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Contemporary STEPS

Aparna portrays political realities through her dance, writes R. UMA MAHESHWARI

FOR APARNA Sindhoor, a Mysorean based in Boston, Bharatanatyam is a medium for expressing her discomfort with situations, contexts and people - with war, rape and unequal access to resources. It also expresses her discomfort at having to continue dancing to a tradition, to themes that make no sense. Aparna, helped by her spouse, Raju Sivasankaran, has engaged herself with employing Bharatanatyam techniques to themes that give prominence to contemporary human situations within contemporary politics.

In Hyderabad on a brief visit Aparna performed for an invited audience. She first trained in Bharatanatyam under her mother, the renowned dancer and social activist, Dr. Srivalli. Aparna started the Navarasa Natyalaya in Mysore and is the director of the Navarasa Arts Academy, in Somerville, Boston. She also teaches in the Dance Complex in Cambridge. She was awarded the Human Resource Development grant by the Government of India for her work, Vachanadara and A Concise Portrait of the Indian Woman. Her other works include Agua - Thanneer - Water written by Raju Sivasankaran - based on incidences in Madurai and in Cochabama, Bolivia over the struggle for water; and River Rites, about the Narmada Bachao movement.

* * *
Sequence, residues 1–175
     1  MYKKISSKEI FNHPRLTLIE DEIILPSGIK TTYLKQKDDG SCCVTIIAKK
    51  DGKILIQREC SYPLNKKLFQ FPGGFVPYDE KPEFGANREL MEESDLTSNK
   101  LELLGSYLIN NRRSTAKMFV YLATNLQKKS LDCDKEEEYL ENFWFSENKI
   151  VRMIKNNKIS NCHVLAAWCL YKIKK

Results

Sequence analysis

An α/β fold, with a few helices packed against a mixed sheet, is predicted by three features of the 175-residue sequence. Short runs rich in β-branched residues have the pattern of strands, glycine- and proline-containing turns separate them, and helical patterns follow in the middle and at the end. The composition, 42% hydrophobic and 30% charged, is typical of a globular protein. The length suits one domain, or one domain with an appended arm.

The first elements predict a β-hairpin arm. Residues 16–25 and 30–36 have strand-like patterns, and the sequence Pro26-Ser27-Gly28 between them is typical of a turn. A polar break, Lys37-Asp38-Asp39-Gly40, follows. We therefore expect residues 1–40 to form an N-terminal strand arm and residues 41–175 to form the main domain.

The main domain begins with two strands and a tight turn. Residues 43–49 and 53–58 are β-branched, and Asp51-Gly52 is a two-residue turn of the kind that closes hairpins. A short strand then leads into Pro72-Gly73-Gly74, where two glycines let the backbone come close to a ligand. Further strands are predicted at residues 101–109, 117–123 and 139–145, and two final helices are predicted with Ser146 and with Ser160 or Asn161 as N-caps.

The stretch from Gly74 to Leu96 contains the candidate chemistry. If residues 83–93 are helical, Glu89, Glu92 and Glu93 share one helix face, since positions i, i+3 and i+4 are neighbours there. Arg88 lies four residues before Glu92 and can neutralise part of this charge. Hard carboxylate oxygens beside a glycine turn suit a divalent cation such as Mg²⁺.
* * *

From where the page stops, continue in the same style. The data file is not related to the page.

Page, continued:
She performed short excerpts from her productions Agua, When I Was Most Beautiful and Draupadi (based on Dopdi by Mahasweta Devi). A dialogue followed the recital. She began with When I was Most Beautiful - a deeply disturbing Japanese poem on the ravages of war. Aparna gave life to the tragedy inherent in the poetry - of war and killing and the destitution of women. In a poignant moment she lifts the veil - both literally and metaphorically - this veil could be a child lost to the war, or one that enshrouds perceptions of a community, a people, or a mask. To a poem she has sung herself, to no other musical accompaniment except a guitar she danced to simple pada jatis and underplayed, yet powerful abhinaya, a contradiction she accomplishes so well. Aparna followed this up with an excerpt on water (Agua - Thanneer) and a song about the Narmada Bachao Andolan - of a river (mother) Narmada and her people. During the discussions that followed the short recitals, Aparna explained that it was her mother who inspired her in taking up issue-based dance. Although Aparna loves Bharatanatyam as a form, there are aspects in it that she finds (and always found) disturbing, and she has tried to evolve out of - keeping icons on the stage, the pada sevai stances and wearing bells, for instance. She tries to blend her own thought process with the form as much as possible, and has brought in movements within the form that do not confirm to the textual tradition. This has brought forth sharp criticism, she confessed. For instance, when she showed rape in one of her productions (Draupadi) there was criticism that natya sastra does not accept showing rape. She has also been questioned on whether her work actually makes `dialogues' with an audience not already `clued in' to issues such as the water issue. But she counters that by saying her performance in Narmada with people not used to Bharatanatyam performances got an instant response from the audience as it was an issue deeply felt. Questions from the audience in Hyderabad included her choice of subject, her method of choreographing pieces, her sense of satisfaction in being able to perform on these subjects and acceptance by the audience. But she said that choreographing merely to make a social statement is not what she did, and that it has to be felt deeply within. Among her efforts includes building a repertoire of compositions around political social issuesthat are passed down through students. In this endeavour, she teaches her students some of these compositions but she is also conscious that she is, in effect a Bharatanatyam dancer-teacher, so the varnams and the jatis need to be taught. Aparna's recital, one felt, deserved a larger audience and she has promised to return to Hyderabad for a major performance later this year. Then the Hyderabadi audience can have a taste of what it means for Bharatanatyam to become politically charged.

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